That bookshelf that needed to be thinned also included some other "Catholic fiction" — including a few mysteries by the late philosopher and conservative Catholic Ralph McInerny, best known for his Father Dowling mysteries, which were made into a TV show in the late 1980s and early '90s. These books, too, were tough to get through, as the author's condescending opinions about liberal Catholicism were hardly hidden.
Luckily, during this readathon, I happened to pick up another Catholic novel while at my local public library. The title, Chicago, caught my eye, as did the library sticker on the spine that said, "Best of the best." The author was Brian Doyle.
"Hey, I used to know a Brian Doyle," I thought, and sure enough, I recognized the author photo on the dust jacket.
Doyle, the former editor of Portland Magazine at the University of Portland, was an amazing essayist, poet and short story writer. At U.S. Catholic magazine, I occasionally edited his pieces, and quickly learned not to question his love of long sentences and his aversion to punctuation. His style was unorthodox, but his descriptions and insights were worth it.
Chicago is about a young college graduate who moves to an apartment building full of interesting characters on the north side of Chicago. The neighborhood in the book is just a few blocks from my first Chicago apartment, though about a decade earlier. And the narrator's first magazine job is at the same publication where I later worked, so, as with Greeley's books, I recognized the real-life characters.
The novel is clearly drawn from Doyle's own couple years in Chicago when he, too, was right out of college, though it is fiction (and tinged with a bit of magic realism). But the main character in the book is not the narrator, but rather the city itself; Doyle has said the book is about "Chicagoness." And he gets Chicagoness so right: its people and food, buildings and alleys, weather and music, sports teams and public transportation, city workers and religious leaders. And the lake, especially the lake.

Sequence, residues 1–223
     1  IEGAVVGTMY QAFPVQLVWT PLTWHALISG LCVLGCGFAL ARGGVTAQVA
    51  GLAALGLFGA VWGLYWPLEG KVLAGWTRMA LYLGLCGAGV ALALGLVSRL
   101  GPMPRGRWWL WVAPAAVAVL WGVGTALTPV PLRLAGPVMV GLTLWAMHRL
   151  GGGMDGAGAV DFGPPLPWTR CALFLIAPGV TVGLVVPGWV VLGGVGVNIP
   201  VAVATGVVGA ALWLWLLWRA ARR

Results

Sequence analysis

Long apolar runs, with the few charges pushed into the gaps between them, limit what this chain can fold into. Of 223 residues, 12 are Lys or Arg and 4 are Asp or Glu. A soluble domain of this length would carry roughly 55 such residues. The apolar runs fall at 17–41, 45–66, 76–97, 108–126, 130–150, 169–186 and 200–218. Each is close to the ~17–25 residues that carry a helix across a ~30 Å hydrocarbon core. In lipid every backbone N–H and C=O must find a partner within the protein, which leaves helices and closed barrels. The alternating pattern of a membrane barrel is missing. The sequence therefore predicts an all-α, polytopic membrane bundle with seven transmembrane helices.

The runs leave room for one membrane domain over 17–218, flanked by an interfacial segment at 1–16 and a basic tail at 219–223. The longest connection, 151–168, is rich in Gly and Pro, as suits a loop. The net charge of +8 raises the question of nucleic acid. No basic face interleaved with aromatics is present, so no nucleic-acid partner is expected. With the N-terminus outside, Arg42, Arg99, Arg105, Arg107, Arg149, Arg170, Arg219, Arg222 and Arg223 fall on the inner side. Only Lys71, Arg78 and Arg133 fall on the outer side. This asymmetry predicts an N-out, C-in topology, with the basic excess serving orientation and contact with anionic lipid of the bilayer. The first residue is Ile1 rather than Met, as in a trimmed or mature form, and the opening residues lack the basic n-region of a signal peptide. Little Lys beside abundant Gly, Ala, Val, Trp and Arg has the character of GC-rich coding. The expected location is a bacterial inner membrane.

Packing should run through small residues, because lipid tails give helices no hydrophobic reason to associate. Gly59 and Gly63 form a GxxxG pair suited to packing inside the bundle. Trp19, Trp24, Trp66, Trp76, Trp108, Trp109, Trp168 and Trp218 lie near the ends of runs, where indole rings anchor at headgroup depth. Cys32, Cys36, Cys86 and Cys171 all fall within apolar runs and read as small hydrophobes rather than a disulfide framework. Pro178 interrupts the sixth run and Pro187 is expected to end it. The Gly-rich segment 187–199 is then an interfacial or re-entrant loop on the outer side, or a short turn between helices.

Doyle got that — and everything — right because he was so curious and paid attention, listening and watching, and then describing with such a rich vocabulary and fresh turns of phrase. It's a joy to read — and reminder that we should all pay such close attention to the places and people around us.
The book is also about "cityness" and "Americanness" and "how we depend on each other," he told the University of Portland student newspaper in April 2016 after the book was published.
"I think a lot of the common discourse lately is about our differences," he said. "I think the cult of independence in America is a mistake, the real answer is interdependence. We don't have to like each other but we have to attend to each other, I think that's part of the theme of the book."
Thirteen months after that interview, Doyle would be dead from a brain tumor at the age of 60, a tragic loss for his family and for readers everywhere. But while he was here, Doyle paid attention, and then described to us what he saw and what he learned, including how there is beauty in the small details of life, and how enlightenment can come from the most unexpected places and beings.
I highly recommend Chicago for your summer reading list (or winter one, if you're in the Southern Hemisphere) and would love to hear about your favorite Catholic novels. Drop me a line at firstname.lastname@example.org.